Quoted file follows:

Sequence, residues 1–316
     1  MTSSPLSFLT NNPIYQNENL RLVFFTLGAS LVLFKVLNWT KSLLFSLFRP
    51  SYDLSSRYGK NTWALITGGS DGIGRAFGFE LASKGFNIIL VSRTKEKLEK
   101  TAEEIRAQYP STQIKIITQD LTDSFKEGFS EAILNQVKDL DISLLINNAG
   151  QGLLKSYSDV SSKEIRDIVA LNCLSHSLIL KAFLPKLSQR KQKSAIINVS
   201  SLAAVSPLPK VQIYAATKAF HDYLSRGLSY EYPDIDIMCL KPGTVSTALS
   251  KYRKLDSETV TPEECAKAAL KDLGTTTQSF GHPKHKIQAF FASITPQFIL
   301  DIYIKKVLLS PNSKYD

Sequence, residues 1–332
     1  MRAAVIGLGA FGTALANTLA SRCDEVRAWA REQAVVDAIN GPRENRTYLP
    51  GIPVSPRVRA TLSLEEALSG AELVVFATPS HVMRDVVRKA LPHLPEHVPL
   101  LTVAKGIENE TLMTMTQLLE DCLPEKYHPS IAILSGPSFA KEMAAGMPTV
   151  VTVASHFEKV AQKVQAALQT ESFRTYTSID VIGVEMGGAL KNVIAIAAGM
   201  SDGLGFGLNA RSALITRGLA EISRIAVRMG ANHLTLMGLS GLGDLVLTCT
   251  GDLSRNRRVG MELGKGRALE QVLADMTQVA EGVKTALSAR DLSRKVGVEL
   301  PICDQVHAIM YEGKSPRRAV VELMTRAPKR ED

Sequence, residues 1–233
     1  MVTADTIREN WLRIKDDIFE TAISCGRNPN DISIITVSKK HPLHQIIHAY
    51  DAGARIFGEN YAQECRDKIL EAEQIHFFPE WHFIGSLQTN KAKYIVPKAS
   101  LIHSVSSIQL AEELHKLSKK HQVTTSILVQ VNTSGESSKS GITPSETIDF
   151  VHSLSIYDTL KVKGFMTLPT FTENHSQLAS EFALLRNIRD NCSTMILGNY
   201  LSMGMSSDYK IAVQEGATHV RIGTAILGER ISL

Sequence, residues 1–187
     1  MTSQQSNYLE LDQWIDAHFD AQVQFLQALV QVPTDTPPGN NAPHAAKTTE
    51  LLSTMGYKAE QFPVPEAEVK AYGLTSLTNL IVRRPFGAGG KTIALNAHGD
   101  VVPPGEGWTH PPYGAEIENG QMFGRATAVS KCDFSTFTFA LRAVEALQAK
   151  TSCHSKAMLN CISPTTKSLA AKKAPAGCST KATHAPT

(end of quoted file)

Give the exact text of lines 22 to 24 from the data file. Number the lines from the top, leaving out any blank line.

   201  LSMGMSSDYK IAVQEGATHV RIGTAILGER ISL

Sequence, residues 1–187
     1  MTSQQSNYLE LDQWIDAHFD AQVQFLQALV QVPTDTPPGN NAPHAAKTTE